What a difference a year makes. Last February when our art museum hosted an orchid exhibition, I went only because I was starved for flowers, not because I liked orchids. This year it’s different. I’ve been anticipating their return and counting down the days. It opened this weekend and my mom and I went to see them today.
In the span of a year I’ve gone from somewhat despising the orchid family to really liking them. It’s required a lot of exposure and cultivation (pun intended) to learn to appreciate these flowers, but it’s finally happening. This exhibit does such a wonderful job of displaying the orchids in a beautiful way, pairing colors and textures and filling in around the orchids with complementary plants and lots of moss and ferns. And this centerpiece is breathtaking.
It’s three whole rooms packed with orchids and I took lots of photos! One of the things I’ve grown to appreciate about orchids is their incredible variety. The shape, color, texture of the blossoms can be considerably different within subfamilies and these differences are primarily due to intense specification of the orchids for their environment. One of the most unusual orchids on display was Darwin’s orchid.
This specimen is dramatically different from the “typical” orchid. It has elongated petals and sepals that give it more of the appearance of a star than an orchid. Darwin hypothesized that this variety from Madagascar was uniquely specialized for its pollinator. Because of its size, white color, night-scent, and long petals, he postulated that its pollinator was a night creature, most probably a moth. Sure enough, decades later the pollinator was identified as being a moth with a foot-long proboscis! These observations were foundational to the field of science as they focused on the relationships of species and established disciplines of ecology. The more we understand that organisms are dependent on each other in complex interactions, the richer and more diverse our view of the earth becomes.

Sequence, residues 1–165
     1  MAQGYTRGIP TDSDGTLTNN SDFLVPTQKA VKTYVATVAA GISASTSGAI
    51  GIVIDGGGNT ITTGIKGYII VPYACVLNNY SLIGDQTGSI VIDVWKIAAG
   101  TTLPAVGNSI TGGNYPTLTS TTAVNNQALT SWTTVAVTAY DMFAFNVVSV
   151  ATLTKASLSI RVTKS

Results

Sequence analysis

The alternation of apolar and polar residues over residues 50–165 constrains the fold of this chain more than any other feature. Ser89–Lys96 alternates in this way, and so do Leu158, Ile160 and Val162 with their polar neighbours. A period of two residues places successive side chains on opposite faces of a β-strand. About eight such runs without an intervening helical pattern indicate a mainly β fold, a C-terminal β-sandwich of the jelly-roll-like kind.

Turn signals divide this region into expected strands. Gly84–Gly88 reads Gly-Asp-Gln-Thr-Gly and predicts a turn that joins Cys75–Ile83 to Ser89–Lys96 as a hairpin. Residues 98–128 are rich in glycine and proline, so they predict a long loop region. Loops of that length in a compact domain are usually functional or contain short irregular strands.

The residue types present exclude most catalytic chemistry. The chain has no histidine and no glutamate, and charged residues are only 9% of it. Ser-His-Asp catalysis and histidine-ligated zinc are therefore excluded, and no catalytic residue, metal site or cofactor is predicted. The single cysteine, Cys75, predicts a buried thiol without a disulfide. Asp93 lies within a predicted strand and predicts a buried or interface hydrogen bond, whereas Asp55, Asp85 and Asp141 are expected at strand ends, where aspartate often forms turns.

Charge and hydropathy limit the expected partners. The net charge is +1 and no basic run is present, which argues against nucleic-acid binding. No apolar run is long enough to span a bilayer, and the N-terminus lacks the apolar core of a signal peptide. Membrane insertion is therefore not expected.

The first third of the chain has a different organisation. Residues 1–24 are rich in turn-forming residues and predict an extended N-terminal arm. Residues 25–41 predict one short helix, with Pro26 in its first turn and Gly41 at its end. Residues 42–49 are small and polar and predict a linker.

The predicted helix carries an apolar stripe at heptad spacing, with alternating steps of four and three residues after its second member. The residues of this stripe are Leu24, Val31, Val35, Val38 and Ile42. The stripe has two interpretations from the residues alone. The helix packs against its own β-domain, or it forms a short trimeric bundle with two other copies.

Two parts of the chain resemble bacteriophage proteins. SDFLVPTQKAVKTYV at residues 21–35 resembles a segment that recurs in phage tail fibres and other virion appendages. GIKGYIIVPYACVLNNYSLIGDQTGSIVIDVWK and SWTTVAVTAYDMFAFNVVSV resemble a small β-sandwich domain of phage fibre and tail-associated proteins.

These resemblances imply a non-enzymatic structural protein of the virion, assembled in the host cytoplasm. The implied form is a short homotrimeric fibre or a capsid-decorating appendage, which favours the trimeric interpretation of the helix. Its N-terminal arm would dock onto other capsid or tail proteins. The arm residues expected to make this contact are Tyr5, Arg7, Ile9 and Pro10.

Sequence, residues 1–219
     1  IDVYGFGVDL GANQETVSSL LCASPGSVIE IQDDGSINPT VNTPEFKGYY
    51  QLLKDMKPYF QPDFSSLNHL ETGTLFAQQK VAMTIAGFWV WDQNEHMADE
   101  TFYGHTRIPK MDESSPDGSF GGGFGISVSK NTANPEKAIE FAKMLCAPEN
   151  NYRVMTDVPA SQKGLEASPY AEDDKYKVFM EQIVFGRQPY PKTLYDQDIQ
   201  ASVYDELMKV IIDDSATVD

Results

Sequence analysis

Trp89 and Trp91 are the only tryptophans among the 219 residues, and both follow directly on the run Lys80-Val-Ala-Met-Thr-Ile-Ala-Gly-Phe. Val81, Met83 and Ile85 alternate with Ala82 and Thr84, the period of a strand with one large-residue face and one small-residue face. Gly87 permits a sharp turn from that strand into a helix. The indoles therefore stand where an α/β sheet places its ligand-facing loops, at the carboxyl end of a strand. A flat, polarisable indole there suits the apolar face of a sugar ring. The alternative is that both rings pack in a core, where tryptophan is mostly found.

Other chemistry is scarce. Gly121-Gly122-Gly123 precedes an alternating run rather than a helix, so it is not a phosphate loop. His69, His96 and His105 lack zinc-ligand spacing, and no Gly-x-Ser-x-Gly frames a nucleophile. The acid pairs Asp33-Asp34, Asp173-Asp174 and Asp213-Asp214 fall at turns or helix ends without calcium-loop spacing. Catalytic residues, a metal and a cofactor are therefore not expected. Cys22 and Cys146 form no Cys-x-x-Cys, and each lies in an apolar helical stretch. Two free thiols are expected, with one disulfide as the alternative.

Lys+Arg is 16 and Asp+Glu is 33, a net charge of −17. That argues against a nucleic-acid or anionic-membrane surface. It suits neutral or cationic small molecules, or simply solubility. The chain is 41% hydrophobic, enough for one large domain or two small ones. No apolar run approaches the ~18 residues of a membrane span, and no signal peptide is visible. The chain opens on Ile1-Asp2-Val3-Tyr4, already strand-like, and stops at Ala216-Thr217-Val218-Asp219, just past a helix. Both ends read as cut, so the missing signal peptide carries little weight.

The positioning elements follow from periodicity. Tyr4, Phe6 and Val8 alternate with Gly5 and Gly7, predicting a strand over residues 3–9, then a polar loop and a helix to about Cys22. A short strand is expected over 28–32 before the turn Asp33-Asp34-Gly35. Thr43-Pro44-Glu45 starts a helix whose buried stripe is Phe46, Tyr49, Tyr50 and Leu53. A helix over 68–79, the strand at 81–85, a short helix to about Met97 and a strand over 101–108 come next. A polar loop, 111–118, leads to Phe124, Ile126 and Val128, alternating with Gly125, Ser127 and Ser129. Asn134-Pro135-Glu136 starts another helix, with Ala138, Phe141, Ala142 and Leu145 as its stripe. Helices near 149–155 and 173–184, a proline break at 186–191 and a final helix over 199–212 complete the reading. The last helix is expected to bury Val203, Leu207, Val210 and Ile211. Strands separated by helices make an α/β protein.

Orchids reveal their variety in color as well as shape and its easy to appreciate their vibrant hues. The displays were a riot of color ranging from white to bright orange, pale pink to deepest purple, solid or spotted. Above are some lovely coral-colored orchids and they glisten like they are holding rubies inside.
These ruffled beauties were breathtaking as well. Again, the tones of color ranging across these flowers is amazing. Pink centers lighten into white petals. Dark purple flecks across the petals before pooling on the edges. These below were a new variety I don’t recall seeing last year. They’re heavily spotted with various shades of purple with lime green edging about the sepals.
It was inspiring to spend time with the orchids today. I came away with tons of color combinations darting through my thoughts and eager to try to mimic these lovely works of art in my own creations. In the depths of winter, there’s nothing like a display of beautiful flowers to lift the soul and remind one of God’s creativity and love.
Blessings to you,
Orchid hybridizers continue to dazzle us with their endless varieties. I expect it was a truly wonderful showing. Lucky you!
Oh yes, it is fascinating!
Beautiful pictures. I had a similar reaction when I visited Orchid Mania at the Cleveland Botanical Garden last February. That was a delightful afternoon.